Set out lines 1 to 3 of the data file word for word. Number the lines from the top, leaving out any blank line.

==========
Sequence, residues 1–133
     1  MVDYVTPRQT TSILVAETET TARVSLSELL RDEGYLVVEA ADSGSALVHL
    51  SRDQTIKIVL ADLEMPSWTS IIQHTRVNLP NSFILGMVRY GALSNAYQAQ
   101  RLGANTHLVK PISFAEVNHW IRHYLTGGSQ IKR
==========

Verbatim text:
Sequence, residues 1–133
     1  MVDYVTPRQT TSILVAETET TARVSLSELL RDEGYLVVEA ADSGSALVHL
    51  SRDQTIKIVL ADLEMPSWTS IIQHTRVNLP NSFILGMVRY GALSNAYQAQ